#2 Review your override rates

If you’re overriding more than 10% of your RMS’s recommendations, then you need to determine whether you are getting in the way of your RMS or whether your RMS is just not giving you good price recommendations. If the former, then get out of the way and let the RMS do its thing; if the latter, then get a new RMS. I often hear of some companies overriding 40% or more of at least one legacy RMS’s recommendations. It makes me wonder why anyone would pay for software they ignore that often. Either figure out what you need to do to configure the system so you don’t have to override so often, or get a different system.

#3 Consider the total cost of ownership (TCO) of your RMS

You probably know how much you’re paying each month for your RMS. But how much are you paying for the team that supports it? When revenue growth is small, it’s a great time to take a look at your expenses. Our industry has seemed to just accept Pricing and Revenue Management (PRM) teams as a cost of doing business, and legacy RMS vendors have not put any effort into reducing the TCO. There are now options for systems that allow revenue managers to handle more communities and thus reduce the cost of operating an RMS.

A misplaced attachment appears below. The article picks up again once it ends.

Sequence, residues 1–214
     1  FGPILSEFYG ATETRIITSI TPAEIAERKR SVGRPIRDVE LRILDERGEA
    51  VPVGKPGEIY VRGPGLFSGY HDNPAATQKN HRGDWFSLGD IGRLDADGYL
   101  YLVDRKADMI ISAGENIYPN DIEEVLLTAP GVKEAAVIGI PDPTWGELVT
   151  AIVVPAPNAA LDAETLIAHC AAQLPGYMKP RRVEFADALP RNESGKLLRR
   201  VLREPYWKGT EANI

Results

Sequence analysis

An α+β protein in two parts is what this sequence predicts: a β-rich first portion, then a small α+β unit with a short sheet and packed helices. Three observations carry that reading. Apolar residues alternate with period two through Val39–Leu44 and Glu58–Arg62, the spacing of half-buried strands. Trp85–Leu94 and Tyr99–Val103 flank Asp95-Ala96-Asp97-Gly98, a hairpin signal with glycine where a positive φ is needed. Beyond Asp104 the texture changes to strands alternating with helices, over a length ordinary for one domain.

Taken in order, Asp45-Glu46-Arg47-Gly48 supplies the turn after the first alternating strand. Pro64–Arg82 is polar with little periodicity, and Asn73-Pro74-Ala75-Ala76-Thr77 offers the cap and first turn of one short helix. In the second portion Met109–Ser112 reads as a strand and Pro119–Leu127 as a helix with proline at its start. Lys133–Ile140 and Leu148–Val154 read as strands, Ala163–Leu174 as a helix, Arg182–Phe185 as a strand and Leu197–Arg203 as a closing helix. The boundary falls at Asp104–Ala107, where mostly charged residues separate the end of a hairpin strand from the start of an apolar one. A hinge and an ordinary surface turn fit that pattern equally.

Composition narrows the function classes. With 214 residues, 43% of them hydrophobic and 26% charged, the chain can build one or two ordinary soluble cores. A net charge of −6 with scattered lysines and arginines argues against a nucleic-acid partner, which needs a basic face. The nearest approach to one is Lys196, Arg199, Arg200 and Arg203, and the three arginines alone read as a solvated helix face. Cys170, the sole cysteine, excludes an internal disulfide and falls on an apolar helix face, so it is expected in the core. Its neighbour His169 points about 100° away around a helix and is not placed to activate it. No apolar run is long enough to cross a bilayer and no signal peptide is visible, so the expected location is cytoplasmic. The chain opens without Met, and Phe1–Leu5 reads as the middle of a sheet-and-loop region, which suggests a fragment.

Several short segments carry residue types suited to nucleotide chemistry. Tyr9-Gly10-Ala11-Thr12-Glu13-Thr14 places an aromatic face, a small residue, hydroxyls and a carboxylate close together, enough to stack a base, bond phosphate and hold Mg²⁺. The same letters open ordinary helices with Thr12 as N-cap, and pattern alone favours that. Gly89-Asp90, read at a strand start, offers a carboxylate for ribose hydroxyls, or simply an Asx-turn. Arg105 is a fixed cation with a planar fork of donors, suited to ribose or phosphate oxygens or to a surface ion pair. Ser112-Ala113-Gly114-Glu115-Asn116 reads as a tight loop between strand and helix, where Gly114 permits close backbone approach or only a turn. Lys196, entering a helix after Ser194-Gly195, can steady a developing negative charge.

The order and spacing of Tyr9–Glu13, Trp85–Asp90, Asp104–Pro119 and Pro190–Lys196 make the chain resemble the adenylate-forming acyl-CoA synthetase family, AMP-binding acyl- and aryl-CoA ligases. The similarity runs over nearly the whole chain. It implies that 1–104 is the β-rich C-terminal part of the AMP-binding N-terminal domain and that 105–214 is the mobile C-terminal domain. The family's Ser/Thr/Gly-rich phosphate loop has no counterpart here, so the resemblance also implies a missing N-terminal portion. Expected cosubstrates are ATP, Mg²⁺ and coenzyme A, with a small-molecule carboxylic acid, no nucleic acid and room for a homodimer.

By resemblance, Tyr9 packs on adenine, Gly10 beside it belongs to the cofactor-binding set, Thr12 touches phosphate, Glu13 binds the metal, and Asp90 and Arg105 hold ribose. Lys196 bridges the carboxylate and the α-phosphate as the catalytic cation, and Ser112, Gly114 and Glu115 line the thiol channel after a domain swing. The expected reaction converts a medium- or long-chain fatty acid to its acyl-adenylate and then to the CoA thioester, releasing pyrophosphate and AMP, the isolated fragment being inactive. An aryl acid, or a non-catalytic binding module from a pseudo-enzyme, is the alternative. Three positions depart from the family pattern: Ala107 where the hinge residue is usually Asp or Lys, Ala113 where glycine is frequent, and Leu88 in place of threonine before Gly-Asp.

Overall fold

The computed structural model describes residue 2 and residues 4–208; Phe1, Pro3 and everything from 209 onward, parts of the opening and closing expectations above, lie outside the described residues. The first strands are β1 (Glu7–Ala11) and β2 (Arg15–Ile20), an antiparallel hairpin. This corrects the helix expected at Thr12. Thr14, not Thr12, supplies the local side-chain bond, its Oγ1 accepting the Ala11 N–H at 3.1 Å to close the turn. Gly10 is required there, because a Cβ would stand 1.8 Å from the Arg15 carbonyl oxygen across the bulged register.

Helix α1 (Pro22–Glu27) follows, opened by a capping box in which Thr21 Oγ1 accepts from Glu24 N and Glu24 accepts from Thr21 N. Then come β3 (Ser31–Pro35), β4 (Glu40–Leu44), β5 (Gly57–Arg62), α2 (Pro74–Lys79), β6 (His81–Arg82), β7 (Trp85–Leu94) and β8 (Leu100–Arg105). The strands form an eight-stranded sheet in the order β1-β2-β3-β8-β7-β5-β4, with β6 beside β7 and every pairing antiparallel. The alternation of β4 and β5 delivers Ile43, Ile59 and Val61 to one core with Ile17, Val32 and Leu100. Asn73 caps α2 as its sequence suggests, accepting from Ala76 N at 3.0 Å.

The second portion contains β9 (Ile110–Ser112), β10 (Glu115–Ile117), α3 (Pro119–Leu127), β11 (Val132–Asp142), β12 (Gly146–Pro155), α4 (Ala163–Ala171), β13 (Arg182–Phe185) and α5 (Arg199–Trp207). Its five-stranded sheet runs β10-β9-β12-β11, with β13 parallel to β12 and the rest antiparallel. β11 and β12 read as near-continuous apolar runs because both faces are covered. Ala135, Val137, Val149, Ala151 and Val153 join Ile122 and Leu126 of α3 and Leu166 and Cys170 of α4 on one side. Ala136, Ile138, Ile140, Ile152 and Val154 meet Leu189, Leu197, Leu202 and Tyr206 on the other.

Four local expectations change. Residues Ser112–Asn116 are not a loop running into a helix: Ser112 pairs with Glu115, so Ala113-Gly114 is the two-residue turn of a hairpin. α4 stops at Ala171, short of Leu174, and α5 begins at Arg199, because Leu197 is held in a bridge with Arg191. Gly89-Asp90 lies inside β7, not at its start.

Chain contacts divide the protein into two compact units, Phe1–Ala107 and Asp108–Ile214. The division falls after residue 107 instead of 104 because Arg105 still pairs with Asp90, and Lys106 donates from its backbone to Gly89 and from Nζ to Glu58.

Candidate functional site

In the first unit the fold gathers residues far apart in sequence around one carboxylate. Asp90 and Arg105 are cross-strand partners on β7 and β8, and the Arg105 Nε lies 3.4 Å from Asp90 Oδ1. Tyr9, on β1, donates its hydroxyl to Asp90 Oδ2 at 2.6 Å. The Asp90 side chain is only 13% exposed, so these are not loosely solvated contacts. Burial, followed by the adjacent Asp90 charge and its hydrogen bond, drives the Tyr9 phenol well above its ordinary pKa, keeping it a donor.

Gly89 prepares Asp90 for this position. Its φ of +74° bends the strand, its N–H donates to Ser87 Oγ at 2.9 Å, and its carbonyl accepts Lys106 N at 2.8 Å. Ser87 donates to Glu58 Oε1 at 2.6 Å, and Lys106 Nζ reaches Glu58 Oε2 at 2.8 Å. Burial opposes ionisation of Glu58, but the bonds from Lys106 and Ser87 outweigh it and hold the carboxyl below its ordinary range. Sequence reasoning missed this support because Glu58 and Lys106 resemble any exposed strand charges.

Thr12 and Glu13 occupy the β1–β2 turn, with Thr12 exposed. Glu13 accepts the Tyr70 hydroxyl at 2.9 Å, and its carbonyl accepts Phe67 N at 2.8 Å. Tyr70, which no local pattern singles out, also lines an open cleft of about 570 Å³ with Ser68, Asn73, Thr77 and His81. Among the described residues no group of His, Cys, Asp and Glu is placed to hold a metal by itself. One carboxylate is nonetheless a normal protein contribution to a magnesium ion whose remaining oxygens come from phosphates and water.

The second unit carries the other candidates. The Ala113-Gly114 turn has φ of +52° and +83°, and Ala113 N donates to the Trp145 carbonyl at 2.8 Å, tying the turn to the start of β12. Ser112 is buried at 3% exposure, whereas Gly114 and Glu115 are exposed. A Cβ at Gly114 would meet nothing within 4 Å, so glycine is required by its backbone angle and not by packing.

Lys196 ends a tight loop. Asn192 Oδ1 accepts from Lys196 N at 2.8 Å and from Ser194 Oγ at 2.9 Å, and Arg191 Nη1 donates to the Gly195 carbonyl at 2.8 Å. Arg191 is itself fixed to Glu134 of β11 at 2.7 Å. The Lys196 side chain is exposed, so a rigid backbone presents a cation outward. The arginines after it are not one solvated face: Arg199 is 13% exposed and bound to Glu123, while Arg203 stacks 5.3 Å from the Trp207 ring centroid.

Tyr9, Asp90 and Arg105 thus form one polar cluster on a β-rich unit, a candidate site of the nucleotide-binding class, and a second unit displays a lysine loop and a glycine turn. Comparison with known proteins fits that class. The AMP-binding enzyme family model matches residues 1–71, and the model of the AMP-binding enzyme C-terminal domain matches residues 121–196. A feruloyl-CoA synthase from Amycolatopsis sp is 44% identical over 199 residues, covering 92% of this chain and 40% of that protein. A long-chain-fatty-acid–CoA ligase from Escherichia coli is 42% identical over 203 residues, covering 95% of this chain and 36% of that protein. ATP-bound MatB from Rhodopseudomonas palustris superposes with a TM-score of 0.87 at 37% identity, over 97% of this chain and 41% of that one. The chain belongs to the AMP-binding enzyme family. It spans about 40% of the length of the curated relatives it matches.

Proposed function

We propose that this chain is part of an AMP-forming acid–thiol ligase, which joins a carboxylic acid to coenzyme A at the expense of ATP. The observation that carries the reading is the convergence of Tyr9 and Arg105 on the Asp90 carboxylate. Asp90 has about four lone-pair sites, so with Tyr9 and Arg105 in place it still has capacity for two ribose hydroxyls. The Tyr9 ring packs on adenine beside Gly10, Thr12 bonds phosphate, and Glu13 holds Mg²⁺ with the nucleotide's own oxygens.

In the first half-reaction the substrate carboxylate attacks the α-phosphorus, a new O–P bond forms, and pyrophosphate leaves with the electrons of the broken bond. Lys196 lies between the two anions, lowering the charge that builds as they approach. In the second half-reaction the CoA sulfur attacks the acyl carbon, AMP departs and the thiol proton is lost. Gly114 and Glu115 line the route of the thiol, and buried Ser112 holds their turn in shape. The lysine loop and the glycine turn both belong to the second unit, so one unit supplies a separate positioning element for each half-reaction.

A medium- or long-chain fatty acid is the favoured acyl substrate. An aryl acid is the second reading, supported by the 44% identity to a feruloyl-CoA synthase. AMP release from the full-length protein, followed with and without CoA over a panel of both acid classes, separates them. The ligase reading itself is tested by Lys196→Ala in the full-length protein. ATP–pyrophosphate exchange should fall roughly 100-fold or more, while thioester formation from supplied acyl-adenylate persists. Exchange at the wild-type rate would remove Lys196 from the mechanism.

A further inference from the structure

#4 Transparency

Tough times tend to test the relationship between operations and PRM teams. How well does your operations team understand the RMS you use and why it recommends what it recommends? How well can your PRM team explain those recommendations to Operations? And to executives? If you’re not satisfied with the answers to those questions, then it’s worth the investment to bring in an expert to help train either or both sides. And it’s also worth asking whether your RMS offers enough transparency for your team to be able to understand. Some RMS are much better than others at making it clear why the recommendations are what they are.